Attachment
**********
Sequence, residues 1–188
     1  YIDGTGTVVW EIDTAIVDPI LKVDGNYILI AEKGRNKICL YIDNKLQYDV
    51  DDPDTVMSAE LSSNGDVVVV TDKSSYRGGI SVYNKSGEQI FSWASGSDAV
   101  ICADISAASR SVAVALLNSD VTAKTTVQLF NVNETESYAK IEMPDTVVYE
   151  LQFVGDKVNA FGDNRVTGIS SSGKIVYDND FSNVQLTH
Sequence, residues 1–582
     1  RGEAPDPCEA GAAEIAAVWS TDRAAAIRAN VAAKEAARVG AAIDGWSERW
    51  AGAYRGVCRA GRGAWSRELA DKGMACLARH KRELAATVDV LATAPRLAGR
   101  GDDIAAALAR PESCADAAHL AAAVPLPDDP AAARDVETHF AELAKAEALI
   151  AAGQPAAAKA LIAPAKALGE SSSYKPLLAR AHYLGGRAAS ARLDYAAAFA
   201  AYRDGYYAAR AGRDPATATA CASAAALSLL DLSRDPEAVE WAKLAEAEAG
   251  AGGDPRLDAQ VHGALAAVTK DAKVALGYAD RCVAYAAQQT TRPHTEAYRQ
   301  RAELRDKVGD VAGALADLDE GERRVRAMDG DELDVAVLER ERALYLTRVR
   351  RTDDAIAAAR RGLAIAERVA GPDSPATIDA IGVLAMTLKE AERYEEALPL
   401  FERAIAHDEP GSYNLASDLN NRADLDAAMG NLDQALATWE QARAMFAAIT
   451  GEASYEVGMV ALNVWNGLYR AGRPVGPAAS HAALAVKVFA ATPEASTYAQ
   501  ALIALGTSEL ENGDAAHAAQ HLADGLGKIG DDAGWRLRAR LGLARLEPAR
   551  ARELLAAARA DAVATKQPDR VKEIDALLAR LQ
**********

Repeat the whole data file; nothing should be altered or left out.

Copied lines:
Sequence, residues 1–188
     1  YIDGTGTVVW EIDTAIVDPI LKVDGNYILI AEKGRNKICL YIDNKLQYDV
    51  DDPDTVMSAE LSSNGDVVVV TDKSSYRGGI SVYNKSGEQI FSWASGSDAV
   101  ICADISAASR SVAVALLNSD VTAKTTVQLF NVNETESYAK IEMPDTVVYE
   151  LQFVGDKVNA FGDNRVTGIS SSGKIVYDND FSNVQLTH
Sequence, residues 1–582
     1  RGEAPDPCEA GAAEIAAVWS TDRAAAIRAN VAAKEAARVG AAIDGWSERW
    51  AGAYRGVCRA GRGAWSRELA DKGMACLARH KRELAATVDV LATAPRLAGR
   101  GDDIAAALAR PESCADAAHL AAAVPLPDDP AAARDVETHF AELAKAEALI
   151  AAGQPAAAKA LIAPAKALGE SSSYKPLLAR AHYLGGRAAS ARLDYAAAFA
   201  AYRDGYYAAR AGRDPATATA CASAAALSLL DLSRDPEAVE WAKLAEAEAG
   251  AGGDPRLDAQ VHGALAAVTK DAKVALGYAD RCVAYAAQQT TRPHTEAYRQ
   301  RAELRDKVGD VAGALADLDE GERRVRAMDG DELDVAVLER ERALYLTRVR
   351  RTDDAIAAAR RGLAIAERVA GPDSPATIDA IGVLAMTLKE AERYEEALPL
   401  FERAIAHDEP GSYNLASDLN NRADLDAAMG NLDQALATWE QARAMFAAIT
   451  GEASYEVGMV ALNVWNGLYR AGRPVGPAAS HAALAVKVFA ATPEASTYAQ
   501  ALIALGTSEL ENGDAAHAAQ HLADGLGKIG DDAGWRLRAR LGLARLEPAR
   551  ARELLAAARA DAVATKQPDR VKEIDALLAR LQ